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(Huffington Post)   Kanye West sued for sampling by someone who just now realized how the entire hip-hop music industry operates   (huffingtonpost.com) divider line 5
    More: Stupid, Kanye West, Yauch, MTV Europe Music Awards, human beings, Nietzsche, Beasties, Best Female Video, VMA  
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2995 clicks; posted to Entertainment » on 01 Oct 2012 at 10:05 AM (1 year ago)   |  Favorite    |   share:  Share on Twitter share via Email Share on Facebook   more»



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2012-10-01 09:34:16 AM
2 votes:
You know, I don't have a television - up to now, I always thought this guy's name was pronounced "Can-eye" believe it or not. That's just from seeing the word and assuming that's how it's pronounced.. Only realized yesterday when I heard someone say "Can-yea" that it was different.

/pointless story bro
2012-10-01 01:31:49 PM
1 votes:
There's nothing wrong with sampling IF what you're doing is truly sampling.

Sampling is when you take a few seconds of a song, and mix it with other samples (and preferably some of your OWN music, too) to create a "music collage" of various sounds and snippets that forms a wholly new piece of music.

What Kanye does (along with Timbaland and many others) is not sampling. It's plagiarism. They take whole songs, or several measures of a song, and then make a very minor modification to it or just sing over it. They don't make a wholly new piece of music; They make an older piece of music with new lyrics, or a different drum beat, or an additional instrument. They take far too much of the original, and they contribute far too little of their own creativity into the process.

Good use of samples: Information Society, Art of Noise, Daft Punk (sometimes).

Bullshiat use of "sampling": Timbaland, Kanye West, Vanilla Ice, Daft Punk (sometimes).

The final measurement in my mind, when I make music using samples is, "Can I recognize this as MY song, or as someone else's song with my little additions to it?" -- If it's more theirs than mine, then I've used too much sampling and I cut it down, remix, tweak, and change it so that each little sample blends into a whole that doesn't resemble any one other original piece of music.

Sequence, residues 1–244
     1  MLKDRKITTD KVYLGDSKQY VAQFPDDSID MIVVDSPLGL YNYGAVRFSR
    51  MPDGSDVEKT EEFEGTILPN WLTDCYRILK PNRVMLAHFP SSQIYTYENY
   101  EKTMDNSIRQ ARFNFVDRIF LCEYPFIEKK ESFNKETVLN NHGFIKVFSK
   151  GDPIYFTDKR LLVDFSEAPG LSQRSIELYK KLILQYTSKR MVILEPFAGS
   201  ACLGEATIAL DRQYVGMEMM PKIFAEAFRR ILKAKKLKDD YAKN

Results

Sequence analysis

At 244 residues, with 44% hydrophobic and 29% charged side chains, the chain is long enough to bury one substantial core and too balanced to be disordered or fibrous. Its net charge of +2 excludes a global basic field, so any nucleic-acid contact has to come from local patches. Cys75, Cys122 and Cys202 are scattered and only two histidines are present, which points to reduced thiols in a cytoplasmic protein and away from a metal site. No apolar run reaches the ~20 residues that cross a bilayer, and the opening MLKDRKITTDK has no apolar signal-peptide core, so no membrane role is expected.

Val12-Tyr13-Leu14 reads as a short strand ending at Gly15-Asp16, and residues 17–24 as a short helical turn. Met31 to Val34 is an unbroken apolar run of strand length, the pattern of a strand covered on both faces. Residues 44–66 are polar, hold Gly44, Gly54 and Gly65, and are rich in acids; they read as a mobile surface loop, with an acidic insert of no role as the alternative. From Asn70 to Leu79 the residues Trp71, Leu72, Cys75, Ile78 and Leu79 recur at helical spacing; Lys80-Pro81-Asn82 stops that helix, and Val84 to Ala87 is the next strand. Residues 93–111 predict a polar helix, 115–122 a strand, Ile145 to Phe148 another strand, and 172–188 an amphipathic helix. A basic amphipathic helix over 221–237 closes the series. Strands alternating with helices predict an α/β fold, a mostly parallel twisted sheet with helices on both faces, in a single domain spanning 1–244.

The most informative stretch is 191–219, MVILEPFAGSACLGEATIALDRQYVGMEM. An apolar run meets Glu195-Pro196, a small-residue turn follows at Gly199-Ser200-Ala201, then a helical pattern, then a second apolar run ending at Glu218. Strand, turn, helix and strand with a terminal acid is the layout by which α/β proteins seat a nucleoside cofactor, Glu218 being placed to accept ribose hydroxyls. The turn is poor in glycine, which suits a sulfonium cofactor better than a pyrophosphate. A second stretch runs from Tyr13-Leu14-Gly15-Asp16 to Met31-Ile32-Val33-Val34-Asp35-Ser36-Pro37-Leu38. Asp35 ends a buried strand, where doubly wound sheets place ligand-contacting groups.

If you play your song and it is immediately identified by more than a few people as someone else's song before your vocal/drum/changes kick in, then you're not sampling. You're stealing.

Or, the simple rule of thumb: If you sample more than 6 seconds of any music, you're probably plagiarizing, not sampling.

Hip hop is so forgiving about plagiarism. I don't get the mentality that some fans have that allows them to listen to something, then hear the almost-unchanged original from 20 years earlier, and say "Oh, well, Timbaland was just sampling. It's cool." Why apologize for people who demonstrate such a lack of talent or respect for music?
2012-10-01 11:17:00 AM
1 votes:
Well, when none of them know how to play an instrument, i guess you have to steal your music.
2012-10-01 10:41:54 AM
1 votes:
FTA: TufAmerica claims West's label Roc-A-Fella paid a license fee of $62,500, but "failed and refused to enter into written license agreements that accounted for their multiple other uses of ['Hook and Sling']." The label is seeking undisclosed damages for copyright infringement.

Apparently they also used the sampling in two videos. Sounds like Roc-A-Fella thought the license fee covered all uses for the album and videos and TufAmerica is being a dick about it. Not like they just sampled without paying at all.
2012-10-01 09:09:21 AM
1 votes:
Black people problems.
 
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